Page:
A Toxic Issue: Air Pollution in New Delhi

Article excerpt

The 2008 Summer Olympics in Beijing focused environmental attention on pollution in China. But escaping the spotlight was Asia's other tiger, India, where high pollution levels are at least indirectly responsible for tens of thousands of deaths a year. Its capital city is the most egregious offender--according to a 2007 report by the Central Pollution Control Board, Delhi has the highest pollution levels of any major city in the country. Moreover, the Centre for Science and Environment reports that Delhi's air quality has deteriorated sharply over the past two years.

The statistics are alarming. Two of every five residents of New Delhi suffer from a respiratory disease, and hospitalization rates are on the rise for pollution-induced conditions like asthma, lung disease, chronic bronchitis, and heart damage. Researchers have also found evidence that long-term exposure to the microscopic dust particles resulting from pollution can lead to weakened immune systems and lung cancer. Because 70 percent of Delhi's air pollution comes from vehicles, those who work outdoors, including blue-collar workers and taxi drivers, are the most affected group.

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The exponential growth of India's economy over the last few decades is responsible for much of the problem. In the 1990s, the loosening of government regulations on foreign trade led to an influx of foreign capital. Many businesses in Silicon Valley and other tech loci began relocating their information technology services and call centers to India. This opportunity for increased prosperity has in essence created a new middle class with Westernized tastes and a budget to match. This hugely ballooning demographic is responsible for 39 percent of Indian consumption now; by 2025, this number will rise to 70 percent.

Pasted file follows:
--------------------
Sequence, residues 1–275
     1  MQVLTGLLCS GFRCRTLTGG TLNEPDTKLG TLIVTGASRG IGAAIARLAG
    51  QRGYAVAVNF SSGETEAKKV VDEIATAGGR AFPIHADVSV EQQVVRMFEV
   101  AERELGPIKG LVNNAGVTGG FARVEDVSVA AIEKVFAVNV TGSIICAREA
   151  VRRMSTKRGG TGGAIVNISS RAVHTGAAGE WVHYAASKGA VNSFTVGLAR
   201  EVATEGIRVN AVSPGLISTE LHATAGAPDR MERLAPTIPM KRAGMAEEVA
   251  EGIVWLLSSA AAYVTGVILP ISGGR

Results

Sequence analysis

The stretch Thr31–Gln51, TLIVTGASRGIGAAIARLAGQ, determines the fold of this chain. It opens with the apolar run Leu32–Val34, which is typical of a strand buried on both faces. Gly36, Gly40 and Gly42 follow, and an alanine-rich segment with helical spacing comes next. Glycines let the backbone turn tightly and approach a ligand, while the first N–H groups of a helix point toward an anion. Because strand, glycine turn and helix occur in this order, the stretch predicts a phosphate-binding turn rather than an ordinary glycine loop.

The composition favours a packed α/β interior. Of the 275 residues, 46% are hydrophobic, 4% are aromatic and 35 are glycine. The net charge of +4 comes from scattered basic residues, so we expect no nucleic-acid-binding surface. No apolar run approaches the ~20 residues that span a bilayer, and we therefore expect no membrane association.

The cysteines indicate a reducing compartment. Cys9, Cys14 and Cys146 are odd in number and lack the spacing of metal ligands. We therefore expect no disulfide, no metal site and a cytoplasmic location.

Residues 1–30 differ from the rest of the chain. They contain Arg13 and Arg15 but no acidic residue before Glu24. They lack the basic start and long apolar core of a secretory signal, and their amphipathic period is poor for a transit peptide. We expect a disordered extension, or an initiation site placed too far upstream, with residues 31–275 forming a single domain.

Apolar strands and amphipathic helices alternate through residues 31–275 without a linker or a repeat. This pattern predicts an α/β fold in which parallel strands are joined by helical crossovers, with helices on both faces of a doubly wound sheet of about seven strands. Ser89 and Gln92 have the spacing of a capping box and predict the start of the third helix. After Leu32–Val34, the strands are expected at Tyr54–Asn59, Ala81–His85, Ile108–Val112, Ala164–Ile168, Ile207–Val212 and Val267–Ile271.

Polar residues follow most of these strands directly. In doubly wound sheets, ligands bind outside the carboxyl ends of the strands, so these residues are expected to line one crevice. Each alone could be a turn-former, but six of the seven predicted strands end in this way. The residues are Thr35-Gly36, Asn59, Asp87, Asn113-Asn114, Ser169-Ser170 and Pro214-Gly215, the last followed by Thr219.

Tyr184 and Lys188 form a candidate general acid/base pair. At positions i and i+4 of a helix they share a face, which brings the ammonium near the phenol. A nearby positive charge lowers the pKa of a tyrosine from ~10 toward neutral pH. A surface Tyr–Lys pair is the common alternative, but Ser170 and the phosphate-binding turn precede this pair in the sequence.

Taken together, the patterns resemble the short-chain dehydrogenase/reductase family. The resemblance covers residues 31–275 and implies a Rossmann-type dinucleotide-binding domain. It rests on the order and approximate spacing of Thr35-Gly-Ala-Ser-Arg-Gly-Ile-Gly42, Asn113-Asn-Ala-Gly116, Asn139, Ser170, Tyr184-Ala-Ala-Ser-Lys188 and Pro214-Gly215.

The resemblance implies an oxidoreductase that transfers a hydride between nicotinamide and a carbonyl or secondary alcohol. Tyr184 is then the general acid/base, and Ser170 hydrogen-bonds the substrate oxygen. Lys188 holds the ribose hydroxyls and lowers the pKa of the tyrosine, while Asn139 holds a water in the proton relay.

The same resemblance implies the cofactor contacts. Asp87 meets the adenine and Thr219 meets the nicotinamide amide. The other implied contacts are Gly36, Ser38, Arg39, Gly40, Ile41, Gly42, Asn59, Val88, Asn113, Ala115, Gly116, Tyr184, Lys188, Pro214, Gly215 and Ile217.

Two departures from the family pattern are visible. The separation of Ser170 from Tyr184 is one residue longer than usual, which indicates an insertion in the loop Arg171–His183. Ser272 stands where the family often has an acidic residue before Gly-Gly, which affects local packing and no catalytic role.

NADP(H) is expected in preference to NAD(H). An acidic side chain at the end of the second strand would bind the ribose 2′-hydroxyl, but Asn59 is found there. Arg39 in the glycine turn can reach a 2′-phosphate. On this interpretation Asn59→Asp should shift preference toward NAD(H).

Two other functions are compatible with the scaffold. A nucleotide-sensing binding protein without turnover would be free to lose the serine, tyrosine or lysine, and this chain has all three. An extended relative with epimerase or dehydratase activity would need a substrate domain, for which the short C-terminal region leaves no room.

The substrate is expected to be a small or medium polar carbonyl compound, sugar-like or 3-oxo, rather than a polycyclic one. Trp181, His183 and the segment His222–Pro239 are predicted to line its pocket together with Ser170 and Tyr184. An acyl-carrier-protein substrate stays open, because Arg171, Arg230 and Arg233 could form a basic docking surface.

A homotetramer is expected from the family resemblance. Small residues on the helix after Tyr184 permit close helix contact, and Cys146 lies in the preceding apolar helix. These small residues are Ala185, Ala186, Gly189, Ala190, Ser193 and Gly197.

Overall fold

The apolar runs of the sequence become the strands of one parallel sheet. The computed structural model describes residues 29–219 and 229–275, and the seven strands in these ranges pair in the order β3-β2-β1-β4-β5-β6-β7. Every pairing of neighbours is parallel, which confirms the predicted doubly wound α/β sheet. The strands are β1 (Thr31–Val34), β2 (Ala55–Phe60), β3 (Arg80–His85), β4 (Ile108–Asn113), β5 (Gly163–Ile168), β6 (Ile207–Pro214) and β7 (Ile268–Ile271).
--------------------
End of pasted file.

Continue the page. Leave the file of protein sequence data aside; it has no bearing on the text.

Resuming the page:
The direct consequence is the presence of more cars on the roads than ever before. From 1997 to 2006, the number of registered vehicles in New Delhi rose from 1.5 million to 4.5 million, and it continues to increase by an average of 963 private vehicles every day. Tata Motors also plans to begin selling its new "People's Car" in late 2008 at the rock-bottom price of US$3,000. Market analysts predict that the car could expand the Indian car market by as much as 65 percent, with a corresponding increase in emissions. While the increased demand for cars is a tangible indicator of India's continued economic growth, it will challenge India's already gridlocked infrastructure and further increase levels of pollution and congestion.

The government has attempted to tackle the problem of air pollution in the past. A law ordering that all public transportation vehicles use compressed natural gas by 2001 resulted in a noticeable decrease in air pollution. …